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There Are No Humane Weapons of War

There Are No Humane Weapons of War
North Korean leader Kim Jong Un arrives, on April 13 of this year, for the official opening of a residential area, in Pyongyang, North Korea. Japan's Prime Minister Abe, speaking recently at a parliamentary panel on national security and diplomacy, warned that North Korea may be capable of firing a missile loaded with Sarin nerve gas toward Japan. (Wong Maye-E/AP)

Jane Orient By Tuesday, 18 April 2017 11:00 AM EDT Current | Bio | Archive

Syrian President Bashar al Assad is being read out of the human race, and the Trump administration seems to have done a 180-degree turn on the necessity for "regime change" in Syria because Assad used horrible, horrible weapons against civilians, including helpless babies.

A journalist might ordinarily assert the word "allegedly" before the charges — if for no other reason that while no one thinks Assad is good, some might think he is not that stupid.

But he has already been tried and convicted, by the media and the government. That’s the infallible tribunal that sequentially declared that Iraq had chemical weapons, then didn’t (might they have shipped them to Syria?), and that the Syrian regime had disposed of theirs, but now had used them to kill their own babies.

Chemical weapons seem to be in a class by themselves — the ultimately gruesome way to die. Their use crosses the final red line to a heinous crime against humanity, and is a violation of international law. Of course, we don’t always do much about it.

Chemical warfare was used in the Iran-Iraq War (1980-1988). In the mobile nuclear-chemical-biological (NBC) shelter displayed by Physicians for Civil Defense in the 1990s, there are some graphic photographs of the horrendous injuries inflicted on Iranian soldiers with mustard gas. We kept them covered up when children were touring the display.

Mustard burns any body tissue, causing blindness, blistering, and lung damage. We heard that steel shelters like the one we were displaying were being buried in the desert during the Gulf War (1990-1991), and that the Swiss sir-filtration systems like the one in the display were being sold out. (All Swiss homes are supposed to have such a system in their required shelters.)

While called a weapon of mass destruction, a chemical weapon is not very good for inflicting widespread mass casualties. It is dispersed by the wind, broken down by sunlight, and deteriorates with time. But is unquestionably very deadly and could be deployed through the ventilation systems of buildings or subway systems. Twenty years ago, members of the Aum Shinrikyo cult poisoned the Tokyo subway with the nerve gas Sarin, injuring thousands and killing a dozen.

Nerve agents poison the body’s system for transmitting neural impulses. They cause uncontrollable nerve discharges that lead to drooling, vomiting, and diarrhea. Paralysis of respiratory muscles can cause death by asphyxiation. Survivors may have long-term neurological damage.

Hundreds of tons of chemical weapons agents have been stockpiled. The U.S. agreed to destroy those agents. A difficult, costly, and dangerous undertaking — by international treaty.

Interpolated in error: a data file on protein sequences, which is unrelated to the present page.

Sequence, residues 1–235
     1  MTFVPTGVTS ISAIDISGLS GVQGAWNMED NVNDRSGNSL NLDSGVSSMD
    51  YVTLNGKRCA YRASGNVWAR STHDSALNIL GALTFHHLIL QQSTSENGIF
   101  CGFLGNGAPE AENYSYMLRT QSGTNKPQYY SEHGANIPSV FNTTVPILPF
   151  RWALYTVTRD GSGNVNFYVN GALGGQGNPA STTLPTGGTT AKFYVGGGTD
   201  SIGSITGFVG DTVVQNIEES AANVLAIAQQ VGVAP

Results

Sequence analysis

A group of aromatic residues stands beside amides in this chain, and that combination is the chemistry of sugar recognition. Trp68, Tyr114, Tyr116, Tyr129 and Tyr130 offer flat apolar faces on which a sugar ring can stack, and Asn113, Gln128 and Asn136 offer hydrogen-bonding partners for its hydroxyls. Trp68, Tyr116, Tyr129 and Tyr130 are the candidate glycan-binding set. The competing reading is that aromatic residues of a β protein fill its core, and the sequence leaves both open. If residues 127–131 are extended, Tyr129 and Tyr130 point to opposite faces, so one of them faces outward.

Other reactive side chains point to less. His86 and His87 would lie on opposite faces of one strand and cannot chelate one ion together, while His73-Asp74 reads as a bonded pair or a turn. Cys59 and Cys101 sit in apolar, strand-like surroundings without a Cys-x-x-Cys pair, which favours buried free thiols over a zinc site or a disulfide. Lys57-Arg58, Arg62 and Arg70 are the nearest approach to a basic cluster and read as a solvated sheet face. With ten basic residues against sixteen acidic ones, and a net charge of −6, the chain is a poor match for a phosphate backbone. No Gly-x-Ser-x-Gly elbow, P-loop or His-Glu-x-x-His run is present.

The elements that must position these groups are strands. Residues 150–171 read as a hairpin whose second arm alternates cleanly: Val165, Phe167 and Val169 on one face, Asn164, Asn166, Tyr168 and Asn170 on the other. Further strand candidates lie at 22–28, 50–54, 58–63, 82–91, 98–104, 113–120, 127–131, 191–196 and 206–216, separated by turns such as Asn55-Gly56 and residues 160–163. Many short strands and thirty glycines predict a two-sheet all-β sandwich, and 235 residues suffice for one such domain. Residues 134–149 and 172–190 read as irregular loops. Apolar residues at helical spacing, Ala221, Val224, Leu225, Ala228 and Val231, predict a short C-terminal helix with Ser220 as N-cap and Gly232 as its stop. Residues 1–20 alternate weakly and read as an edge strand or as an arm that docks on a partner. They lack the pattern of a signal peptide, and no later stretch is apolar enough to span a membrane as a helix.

Press secretary Sean Spicer committed the probably unforgiveable blunder of suggesting that al-Assad was worse than Hitler because even Hitler refrained from using poison gas in World War II — forgetting the matter of the Holocaust. What probably deterred Hitler from using chemical weapons on the battlefield was not some vestige of humanity but the threat of retaliation in kind. Himself the survivor of a gas attack by the Allies (the good guys) in World War I, he knew very well that Britain had chemical weapons capability.

Are chemical weapons agents more of an affront to humanity than other weapons of war? In a way, they are like the neutron bomb, widely condemned for killing people while leaving the infrastructure relatively intact. Sam Cohen, inventor of the neutron bomb, conceived of it, however, as a relatively humane weapon, because of his experience in Korea, where he saw starving, homeless orphans digging through rubble in search of something to eat.

One may ask how to draw a red line between chemical agents that poison and burn and chemical agents that explode? The latter, called conventional weapons, kill by tearing people apart or setting fires. Is this a more humane death?

Then there are the methods used by Assad’s enemies — burning children alive, running over them with a truck, crucifying them, or beheading them. And there are the true weapons of mass destruction: biological agents (which have a doubling time instead of a half life) and nuclear weapons.

Chemical weapons are not the demon that must be slain at any cost. It is one of a legion of horrors called war. Symptoms of war include dehumanizing the enemy, and mobilizing troops. Sean Hannity is asking for contributions to buy helmets for our under-equipped soldiers.

Some babies have died horribly. How many will die, ostensibly to avenge them?

Jane M. Orient, M.D. is executive director of the Association of American Physicians and Surgeons. She also is president of Doctors for Disaster Preparedness, and is the editor of AAPS News, the Doctors for Disaster Preparedness Newsletter, and Civil Defense Perspectives. She is the managing editor of the Journal of American Physicians and Surgeons. She also is the author of "Your Doctor Is Not In: Healthy Skepticism about National Healthcare." For more on Dr. Orient, Go Here Now.

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One may ask how to draw a red line between chemical agents that poison and burn and chemical agents that explode? The latter, called conventional weapons, kill by tearing people apart or setting fires. Is this a more humane death?
al-assad, sam cohen
Tuesday, 18 April 2017 11:00 AM
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